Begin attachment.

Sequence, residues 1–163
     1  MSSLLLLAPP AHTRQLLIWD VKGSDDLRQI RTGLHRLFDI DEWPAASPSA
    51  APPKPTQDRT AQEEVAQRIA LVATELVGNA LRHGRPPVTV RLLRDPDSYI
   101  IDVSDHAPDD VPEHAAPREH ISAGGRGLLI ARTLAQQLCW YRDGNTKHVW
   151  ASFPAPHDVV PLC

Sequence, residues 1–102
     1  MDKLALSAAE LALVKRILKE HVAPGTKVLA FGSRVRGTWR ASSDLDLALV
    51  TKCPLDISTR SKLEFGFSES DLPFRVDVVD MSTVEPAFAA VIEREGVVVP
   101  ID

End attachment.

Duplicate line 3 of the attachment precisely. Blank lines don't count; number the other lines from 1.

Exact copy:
    51  APPKPTQDRT AQEEVAQRIA LVATELVGNA LRHGRPPVTV RLLRDPDSYI